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As Terry Fox approached the city of Thunder Bay in Ontario on Sept. 1, 1980, a strange pain took hold of his chest. The 22-year-old had been coughing for days, but it wasn’t until the pain made it hard for him to breathe that he stopped running and went to see a doctor.
At the hospital, Terry learned that the sarcoma that took his right leg three years earlier was not only back—it had now spread to his lungs. The next day, he flew home to BC for treatment, putting the Marathon of Hope on hold. His prognosis was grim – metastatic sarcomas are almost always fatal – and although he fought against the disease for months, on June 28, 1981, Terry passed away.
“Sadly, not much has changed in four decades and Terry’s case is still pretty typical when it comes to metastatic sarcomas,” explains Livia Garzia, PhD, a geneticist and pediatric cancer specialist at the Research Institute of the McGill University Health Centre (RI-MUHC). “We normally have good ways to attack the primary tumour, but if metastasis occurs we have very few treatment options.”
Approximately 200 children, adolescents and young adults in Canada are diagnosed with sarcomas every year. There are over 50 major types of sarcomas that are found in bones (like in Terry’s case) or soft tissues like fat, muscles or connective tissues. While primary tumours can normally be treated through a combination of chemotherapy, surgery and radiation therapy, in 30 to 40 per cent of cases, the cancer returns in other parts of the body, forming new tumours called metastases.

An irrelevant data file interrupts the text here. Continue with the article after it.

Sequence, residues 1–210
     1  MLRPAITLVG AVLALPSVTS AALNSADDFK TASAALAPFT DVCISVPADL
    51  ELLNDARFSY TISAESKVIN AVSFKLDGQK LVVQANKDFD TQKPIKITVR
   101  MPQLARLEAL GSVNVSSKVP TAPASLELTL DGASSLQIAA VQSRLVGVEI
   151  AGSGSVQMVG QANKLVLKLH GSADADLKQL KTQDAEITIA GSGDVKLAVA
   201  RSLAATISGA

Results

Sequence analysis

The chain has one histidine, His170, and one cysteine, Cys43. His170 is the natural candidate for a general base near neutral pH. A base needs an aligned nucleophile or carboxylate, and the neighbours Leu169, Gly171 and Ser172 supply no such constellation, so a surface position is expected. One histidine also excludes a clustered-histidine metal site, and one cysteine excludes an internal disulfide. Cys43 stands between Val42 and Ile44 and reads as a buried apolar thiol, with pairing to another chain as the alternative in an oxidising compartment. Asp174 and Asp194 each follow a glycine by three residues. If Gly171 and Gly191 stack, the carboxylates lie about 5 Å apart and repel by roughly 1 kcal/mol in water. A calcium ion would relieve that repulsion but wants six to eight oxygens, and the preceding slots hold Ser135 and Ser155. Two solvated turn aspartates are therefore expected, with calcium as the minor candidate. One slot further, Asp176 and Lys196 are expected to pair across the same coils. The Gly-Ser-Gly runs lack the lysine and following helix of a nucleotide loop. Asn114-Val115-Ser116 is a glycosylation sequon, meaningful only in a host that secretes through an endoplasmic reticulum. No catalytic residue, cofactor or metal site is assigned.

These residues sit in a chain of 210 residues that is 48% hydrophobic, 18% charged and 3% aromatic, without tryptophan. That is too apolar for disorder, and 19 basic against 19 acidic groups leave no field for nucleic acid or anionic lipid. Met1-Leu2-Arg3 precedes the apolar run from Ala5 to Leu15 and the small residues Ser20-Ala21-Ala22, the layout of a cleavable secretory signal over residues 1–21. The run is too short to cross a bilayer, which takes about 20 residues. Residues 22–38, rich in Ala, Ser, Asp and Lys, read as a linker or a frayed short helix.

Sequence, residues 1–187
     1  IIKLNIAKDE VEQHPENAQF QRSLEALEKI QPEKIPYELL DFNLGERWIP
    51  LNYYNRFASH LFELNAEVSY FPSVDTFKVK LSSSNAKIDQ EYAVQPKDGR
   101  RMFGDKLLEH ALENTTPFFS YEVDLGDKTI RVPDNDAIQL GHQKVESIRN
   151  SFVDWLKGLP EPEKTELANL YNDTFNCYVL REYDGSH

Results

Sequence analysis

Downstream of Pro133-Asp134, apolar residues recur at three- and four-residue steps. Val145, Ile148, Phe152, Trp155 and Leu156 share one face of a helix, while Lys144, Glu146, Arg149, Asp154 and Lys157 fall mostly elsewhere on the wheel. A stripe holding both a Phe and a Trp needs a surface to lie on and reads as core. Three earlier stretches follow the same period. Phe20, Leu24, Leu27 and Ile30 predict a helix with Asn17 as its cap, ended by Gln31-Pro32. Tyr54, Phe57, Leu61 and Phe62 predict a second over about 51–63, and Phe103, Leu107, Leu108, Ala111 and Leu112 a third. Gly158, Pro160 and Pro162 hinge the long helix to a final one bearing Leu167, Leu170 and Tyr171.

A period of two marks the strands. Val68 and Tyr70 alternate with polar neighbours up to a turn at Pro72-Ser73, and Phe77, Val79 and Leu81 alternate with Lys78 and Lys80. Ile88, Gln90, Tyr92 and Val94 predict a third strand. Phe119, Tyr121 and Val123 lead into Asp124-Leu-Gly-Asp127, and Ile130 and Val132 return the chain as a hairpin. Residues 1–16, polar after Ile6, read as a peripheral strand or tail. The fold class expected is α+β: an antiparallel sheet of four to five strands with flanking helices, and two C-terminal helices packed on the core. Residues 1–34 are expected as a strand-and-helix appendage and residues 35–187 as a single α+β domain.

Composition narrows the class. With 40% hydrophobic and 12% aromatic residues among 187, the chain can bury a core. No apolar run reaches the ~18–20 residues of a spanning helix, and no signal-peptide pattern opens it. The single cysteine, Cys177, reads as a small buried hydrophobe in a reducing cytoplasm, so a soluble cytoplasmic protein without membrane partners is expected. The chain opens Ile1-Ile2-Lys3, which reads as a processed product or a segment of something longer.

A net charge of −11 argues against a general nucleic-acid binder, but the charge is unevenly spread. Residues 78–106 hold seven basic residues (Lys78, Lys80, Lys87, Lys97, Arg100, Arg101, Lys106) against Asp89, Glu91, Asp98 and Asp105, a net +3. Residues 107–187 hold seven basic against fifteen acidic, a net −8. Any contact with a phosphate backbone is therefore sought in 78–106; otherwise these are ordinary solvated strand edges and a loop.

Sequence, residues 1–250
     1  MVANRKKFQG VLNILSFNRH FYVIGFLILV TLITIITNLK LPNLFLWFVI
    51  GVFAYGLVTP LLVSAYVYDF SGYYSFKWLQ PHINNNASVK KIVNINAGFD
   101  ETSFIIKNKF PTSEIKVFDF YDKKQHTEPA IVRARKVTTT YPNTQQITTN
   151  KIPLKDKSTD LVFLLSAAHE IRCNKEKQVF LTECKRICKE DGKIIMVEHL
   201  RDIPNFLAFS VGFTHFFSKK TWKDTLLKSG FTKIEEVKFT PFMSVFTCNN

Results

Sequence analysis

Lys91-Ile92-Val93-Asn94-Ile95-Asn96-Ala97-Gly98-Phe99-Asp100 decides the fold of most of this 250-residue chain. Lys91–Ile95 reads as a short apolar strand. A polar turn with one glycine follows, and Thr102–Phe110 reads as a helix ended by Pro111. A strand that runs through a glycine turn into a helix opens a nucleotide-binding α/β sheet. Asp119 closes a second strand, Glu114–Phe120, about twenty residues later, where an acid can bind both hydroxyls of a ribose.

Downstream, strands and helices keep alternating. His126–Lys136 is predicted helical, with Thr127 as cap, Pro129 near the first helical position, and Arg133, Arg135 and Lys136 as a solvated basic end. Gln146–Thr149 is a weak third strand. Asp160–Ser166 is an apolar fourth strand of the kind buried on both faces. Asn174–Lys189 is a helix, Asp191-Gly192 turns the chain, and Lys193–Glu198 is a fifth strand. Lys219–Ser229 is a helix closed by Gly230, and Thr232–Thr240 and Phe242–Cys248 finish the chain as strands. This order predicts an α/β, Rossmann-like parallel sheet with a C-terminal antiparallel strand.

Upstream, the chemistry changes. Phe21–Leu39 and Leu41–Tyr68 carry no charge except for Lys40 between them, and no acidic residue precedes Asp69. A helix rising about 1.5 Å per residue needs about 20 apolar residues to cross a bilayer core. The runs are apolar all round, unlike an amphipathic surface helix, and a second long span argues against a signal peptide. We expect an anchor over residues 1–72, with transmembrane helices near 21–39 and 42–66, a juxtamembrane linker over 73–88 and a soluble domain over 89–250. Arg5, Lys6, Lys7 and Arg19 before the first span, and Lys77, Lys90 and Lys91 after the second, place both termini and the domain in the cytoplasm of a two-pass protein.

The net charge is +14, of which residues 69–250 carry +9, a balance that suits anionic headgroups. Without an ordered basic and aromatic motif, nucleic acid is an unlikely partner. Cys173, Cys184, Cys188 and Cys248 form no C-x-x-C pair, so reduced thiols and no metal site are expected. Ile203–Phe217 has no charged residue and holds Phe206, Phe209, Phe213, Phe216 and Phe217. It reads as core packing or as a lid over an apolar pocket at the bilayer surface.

Metastatic sarcomas are almost always resistant to therapy, and very little is understood about them. This is partly because they can’t be surgically removed, meaning there are very few human samples of metastatic sarcomas.
Dr. Garzia is hoping to change this thanks to a recent New Investigator award from the Terry Fox Research Institute. This award will provide her with $450,000 over the next three years to study how and why certain sarcomas metastasize. While she will not be focusing on the exact type of sarcoma Terry Fox had, her hope is that by identifying early signs of metastatic dissemination she will be able to know what tumours are more at risk of becoming metastatic and find new treatments for children and young adults with these cancers.
“This funding will allow us to develop human sarcomas in mice models and study the genetic differences between the primary tumour and metastases, allowing us to understand how surgery and chemotherapy change the genetic landscape of these tumours and why they become resistant to treatment,” explains Dr. Garzia. “This will help us come up with clever ways to prevent that and identify pathways that could be used to design specific therapies against metastasis.”
The award will pair Dr. Garzia with a group of TFRI-funded researchers led by Dr. Sean Egan, a cell biologist at Sick Kids Hospital in Toronto who leads the TFRI New Frontiers Program Project Grant in Killing the Hydra: Genetic dissection of actionable targets required for maintenance of metastatic disease. Dr. Egan’s team uses similar methods to study metastatic pathways in brain and breast cancers. With this mentorship and her new award, Dr. Garzia hopes to shed light on metastatic sarcomas and bring much-needed hope to patients with this deadly disease.
—published Dec. 12, 2018